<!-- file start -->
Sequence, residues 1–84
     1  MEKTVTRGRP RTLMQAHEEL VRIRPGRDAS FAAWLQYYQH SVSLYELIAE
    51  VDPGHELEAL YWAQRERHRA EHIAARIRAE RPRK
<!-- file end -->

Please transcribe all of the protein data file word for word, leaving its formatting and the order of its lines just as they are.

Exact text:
Sequence, residues 1–84
     1  MEKTVTRGRP RTLMQAHEEL VRIRPGRDAS FAAWLQYYQH SVSLYELIAE
    51  VDPGHELEAL YWAQRERHRA EHIAARIRAE RPRK